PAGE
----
Like many archivists, I have found my traditional workflows thrown into a state of upheaval over the past few months. With physical collections materials inaccessible, I have refocused my attention from onsite projects to ones I can complete while working from home. While this process has had its challenges, it has also presented some opportunities – including the ability to return to one of my first duties (and first loves) as an archivist and historian: transcription.
I know my fondness for transcription isn’t necessarily popularly felt, and I agree that at times it can be a chore. Not every project is as pleasant as the Peirs letters; not every correspondent writes in Jack’s neat Charterhouse hand, and not every letter is still laugh-out-loud funny a full century later. Despite its imperfections, lately I’ve found transcribing to be a low-impact way to feel somewhat productive. I enjoy the process not only because I get to make and follow a set of rules, but also because I am actively working to understand and clarify information set down by someone from the past. In short it is one of the parts of the research process during which I feel the closest to the history.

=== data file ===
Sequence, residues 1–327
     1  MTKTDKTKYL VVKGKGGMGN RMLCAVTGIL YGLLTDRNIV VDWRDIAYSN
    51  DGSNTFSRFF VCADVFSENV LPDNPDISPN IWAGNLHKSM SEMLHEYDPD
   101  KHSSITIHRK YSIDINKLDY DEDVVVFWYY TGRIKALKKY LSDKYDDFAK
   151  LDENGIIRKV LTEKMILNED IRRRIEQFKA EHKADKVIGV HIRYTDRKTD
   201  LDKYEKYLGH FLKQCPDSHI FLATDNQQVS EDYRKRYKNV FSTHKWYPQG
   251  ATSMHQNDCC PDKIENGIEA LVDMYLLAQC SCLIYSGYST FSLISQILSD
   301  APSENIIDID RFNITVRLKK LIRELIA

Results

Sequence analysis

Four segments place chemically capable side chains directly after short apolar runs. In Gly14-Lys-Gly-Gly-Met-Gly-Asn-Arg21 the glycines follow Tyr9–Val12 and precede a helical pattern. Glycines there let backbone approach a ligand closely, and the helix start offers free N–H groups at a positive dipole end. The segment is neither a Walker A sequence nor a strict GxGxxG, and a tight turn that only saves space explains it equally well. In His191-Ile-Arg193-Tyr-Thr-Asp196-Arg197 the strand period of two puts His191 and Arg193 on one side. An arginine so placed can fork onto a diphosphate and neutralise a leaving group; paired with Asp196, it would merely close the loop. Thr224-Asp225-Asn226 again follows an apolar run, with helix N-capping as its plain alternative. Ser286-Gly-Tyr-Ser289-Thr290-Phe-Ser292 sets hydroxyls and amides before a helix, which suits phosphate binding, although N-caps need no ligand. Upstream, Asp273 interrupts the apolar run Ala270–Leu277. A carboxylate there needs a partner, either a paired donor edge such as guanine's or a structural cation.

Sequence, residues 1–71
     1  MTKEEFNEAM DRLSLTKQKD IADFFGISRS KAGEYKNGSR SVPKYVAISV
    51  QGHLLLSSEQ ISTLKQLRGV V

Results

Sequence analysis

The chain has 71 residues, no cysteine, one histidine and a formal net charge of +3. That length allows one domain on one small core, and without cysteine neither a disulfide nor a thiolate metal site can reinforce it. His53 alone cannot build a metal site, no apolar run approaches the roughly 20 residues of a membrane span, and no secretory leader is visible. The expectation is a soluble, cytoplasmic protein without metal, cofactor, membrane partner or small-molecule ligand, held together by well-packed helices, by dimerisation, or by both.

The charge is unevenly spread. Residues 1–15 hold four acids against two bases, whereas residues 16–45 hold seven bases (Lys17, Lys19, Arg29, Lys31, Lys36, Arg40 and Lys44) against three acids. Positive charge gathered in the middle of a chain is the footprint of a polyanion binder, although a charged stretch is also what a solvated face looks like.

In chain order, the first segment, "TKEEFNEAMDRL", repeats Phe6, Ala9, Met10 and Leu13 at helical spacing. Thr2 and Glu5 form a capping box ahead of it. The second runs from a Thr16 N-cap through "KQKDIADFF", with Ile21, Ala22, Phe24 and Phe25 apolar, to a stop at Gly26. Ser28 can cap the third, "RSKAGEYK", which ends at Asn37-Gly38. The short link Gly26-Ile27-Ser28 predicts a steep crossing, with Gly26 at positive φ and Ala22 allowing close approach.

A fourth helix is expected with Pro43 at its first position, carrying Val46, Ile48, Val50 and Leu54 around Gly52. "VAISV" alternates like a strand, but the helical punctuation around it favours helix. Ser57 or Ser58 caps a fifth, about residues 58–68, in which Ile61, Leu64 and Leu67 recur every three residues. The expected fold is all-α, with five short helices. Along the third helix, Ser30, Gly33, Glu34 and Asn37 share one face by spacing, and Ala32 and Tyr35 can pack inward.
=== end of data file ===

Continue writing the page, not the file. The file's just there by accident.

Recently I have been participating in a few different crowdsourced transcription initiatives. As always, the Smithsonian Transcription Center offers a plethora of incredible collections and tools to work with (read more about the Freedman’s Bureau papers on our Instagram page). Working on these projects is very rewarding, but reading script can be tough and many of the records have multiple creators, meaning it’s not a simple matter of getting to know a single hand. To add some variety, and to help move along my own research, I have also focused on transcription of newspaper articles, or more accurately correction of transcriptions obtained through Optical Character Recognition.